Ending harmful practices across the United States. We are part of coalitions working to fully ban child marriage and FGM in more US states. Currently, only six states have banned child marriage and 39 states have passed anti-FGM laws.

Achieving Legal Equality

Surprisingly, women are not protected by the U.S. Constitution, though the Equal Rights Amendment, if incorporated, would change that.

Ending Sexual Exploitation

Sex trafficking and online sexual exploitation and abuse are as prevalent in the Americas as in other parts of the world.

Ending Sexual Violence

Sexual violence is wide-ranging and pervasive throughout the world, including in the Americas. It is rooted in discrimination, sex and gender inequality, and patriarchal norms, and is perpetuated by the law itself, particularly against adolescent girls.

Ending Harmful Practices

 Female genital mutilation and child marriage occur on every continent except Antarctica, including the Americas.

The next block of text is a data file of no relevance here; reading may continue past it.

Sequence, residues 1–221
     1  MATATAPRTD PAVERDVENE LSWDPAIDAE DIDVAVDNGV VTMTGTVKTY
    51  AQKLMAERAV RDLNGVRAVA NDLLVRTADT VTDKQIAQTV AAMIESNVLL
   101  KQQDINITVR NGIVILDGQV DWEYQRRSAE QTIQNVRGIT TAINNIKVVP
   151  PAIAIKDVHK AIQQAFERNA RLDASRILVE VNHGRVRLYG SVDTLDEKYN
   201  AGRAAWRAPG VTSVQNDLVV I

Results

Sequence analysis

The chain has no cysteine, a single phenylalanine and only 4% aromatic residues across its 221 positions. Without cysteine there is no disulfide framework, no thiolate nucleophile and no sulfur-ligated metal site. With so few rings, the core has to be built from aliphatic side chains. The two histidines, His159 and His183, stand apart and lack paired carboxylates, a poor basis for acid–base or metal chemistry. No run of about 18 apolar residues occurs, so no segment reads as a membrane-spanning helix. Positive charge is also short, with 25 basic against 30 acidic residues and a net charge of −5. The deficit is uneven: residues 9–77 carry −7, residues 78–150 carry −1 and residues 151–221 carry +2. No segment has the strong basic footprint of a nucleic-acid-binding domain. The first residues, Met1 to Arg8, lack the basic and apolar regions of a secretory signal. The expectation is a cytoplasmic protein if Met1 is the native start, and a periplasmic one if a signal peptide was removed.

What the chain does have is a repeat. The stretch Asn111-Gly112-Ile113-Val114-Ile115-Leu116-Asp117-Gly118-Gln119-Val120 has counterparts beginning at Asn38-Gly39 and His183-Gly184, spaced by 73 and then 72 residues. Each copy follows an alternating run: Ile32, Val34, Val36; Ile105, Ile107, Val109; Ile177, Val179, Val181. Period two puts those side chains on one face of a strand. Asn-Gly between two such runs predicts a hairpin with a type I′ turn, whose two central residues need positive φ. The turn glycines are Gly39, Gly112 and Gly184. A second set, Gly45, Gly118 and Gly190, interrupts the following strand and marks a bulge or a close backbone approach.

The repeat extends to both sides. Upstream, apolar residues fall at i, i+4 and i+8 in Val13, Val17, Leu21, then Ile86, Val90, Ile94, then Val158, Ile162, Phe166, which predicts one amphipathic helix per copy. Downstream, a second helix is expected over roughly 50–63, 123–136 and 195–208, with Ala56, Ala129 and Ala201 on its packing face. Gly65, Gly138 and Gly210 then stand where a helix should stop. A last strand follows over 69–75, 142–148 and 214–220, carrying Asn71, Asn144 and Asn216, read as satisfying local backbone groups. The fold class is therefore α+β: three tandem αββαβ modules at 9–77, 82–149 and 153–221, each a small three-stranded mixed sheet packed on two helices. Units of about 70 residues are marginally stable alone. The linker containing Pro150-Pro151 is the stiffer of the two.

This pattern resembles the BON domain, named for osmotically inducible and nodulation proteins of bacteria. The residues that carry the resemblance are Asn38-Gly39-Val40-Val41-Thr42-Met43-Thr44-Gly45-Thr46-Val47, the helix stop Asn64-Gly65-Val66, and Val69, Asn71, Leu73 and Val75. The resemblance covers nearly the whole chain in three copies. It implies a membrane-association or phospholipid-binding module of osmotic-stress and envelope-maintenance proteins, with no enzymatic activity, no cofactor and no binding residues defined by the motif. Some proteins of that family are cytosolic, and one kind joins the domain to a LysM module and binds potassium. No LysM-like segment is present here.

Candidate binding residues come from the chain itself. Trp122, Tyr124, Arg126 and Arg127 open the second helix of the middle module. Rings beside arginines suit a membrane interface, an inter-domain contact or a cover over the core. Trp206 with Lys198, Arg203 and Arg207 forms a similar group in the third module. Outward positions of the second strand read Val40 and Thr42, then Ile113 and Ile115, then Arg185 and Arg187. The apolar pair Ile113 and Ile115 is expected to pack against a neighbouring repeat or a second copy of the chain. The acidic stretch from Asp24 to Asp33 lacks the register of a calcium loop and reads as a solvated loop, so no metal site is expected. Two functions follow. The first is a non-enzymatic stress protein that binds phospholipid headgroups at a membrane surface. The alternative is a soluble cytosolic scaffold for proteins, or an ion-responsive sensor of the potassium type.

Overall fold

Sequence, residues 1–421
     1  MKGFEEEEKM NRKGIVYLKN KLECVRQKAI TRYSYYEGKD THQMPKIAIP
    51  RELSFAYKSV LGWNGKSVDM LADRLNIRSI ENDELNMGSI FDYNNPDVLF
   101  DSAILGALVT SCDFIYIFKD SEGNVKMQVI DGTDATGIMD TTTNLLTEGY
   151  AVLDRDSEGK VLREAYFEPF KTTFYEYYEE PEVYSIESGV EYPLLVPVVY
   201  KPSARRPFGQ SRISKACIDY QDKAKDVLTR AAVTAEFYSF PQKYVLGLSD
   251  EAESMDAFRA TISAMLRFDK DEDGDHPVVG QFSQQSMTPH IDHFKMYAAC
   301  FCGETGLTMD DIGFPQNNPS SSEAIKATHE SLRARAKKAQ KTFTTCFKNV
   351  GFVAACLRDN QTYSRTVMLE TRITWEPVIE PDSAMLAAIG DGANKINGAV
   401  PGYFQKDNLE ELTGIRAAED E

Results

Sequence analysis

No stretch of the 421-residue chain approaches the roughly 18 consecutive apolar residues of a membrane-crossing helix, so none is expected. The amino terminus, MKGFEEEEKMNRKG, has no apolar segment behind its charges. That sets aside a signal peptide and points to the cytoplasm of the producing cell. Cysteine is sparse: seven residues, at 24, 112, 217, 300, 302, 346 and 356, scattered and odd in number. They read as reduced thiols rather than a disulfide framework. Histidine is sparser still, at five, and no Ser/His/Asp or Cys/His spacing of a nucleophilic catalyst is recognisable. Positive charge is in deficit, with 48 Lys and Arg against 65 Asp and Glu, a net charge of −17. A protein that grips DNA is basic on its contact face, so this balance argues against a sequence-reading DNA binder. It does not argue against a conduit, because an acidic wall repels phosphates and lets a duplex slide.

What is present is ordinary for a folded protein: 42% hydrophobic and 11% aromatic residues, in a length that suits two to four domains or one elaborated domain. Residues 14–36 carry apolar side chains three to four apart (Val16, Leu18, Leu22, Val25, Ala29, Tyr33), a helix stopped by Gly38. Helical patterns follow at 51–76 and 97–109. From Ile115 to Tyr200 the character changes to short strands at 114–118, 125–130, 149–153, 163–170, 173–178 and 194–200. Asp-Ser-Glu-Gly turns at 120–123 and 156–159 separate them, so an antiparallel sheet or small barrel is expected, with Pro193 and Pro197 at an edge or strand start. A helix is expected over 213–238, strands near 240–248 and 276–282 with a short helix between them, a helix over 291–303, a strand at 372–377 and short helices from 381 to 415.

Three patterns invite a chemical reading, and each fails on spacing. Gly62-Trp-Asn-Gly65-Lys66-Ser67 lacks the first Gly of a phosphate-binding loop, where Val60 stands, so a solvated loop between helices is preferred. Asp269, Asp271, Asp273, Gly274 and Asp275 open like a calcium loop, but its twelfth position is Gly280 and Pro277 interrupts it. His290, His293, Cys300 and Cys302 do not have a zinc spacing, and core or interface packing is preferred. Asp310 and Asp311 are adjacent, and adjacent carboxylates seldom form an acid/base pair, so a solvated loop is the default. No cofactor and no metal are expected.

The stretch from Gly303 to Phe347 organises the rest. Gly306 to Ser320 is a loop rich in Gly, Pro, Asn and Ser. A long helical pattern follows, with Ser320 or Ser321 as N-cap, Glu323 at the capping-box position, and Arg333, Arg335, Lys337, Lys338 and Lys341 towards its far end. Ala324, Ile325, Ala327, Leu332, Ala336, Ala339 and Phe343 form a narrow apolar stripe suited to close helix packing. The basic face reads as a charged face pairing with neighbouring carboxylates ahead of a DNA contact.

Equality Now works with partners in the region to campaign for stronger laws and practices around sexual violence to ensure that women and girls, especially from the most marginalized groups, are fully protected from violence, as well as working to end inequalities in the law.

Our work

Learn more

Key resources

Ending Online Sexual Exploitation and Abuse of Women and Girls: A Call for International Standards

Online sexual exploitation and abuse are growing at an alarming pace globally. Women and girls are particularly vulnerable as offenders take advantage of the sex, gender, …

READ MORE

Online Sexual Exploitation and Abuse in the United States

The United States (US) is a key player in the fight against online sexual exploitation and abuse (OSEA). The role of the US in this fight is especially important because the US is a global hub of technological innovation. …

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Bolivia CAT Submission 2021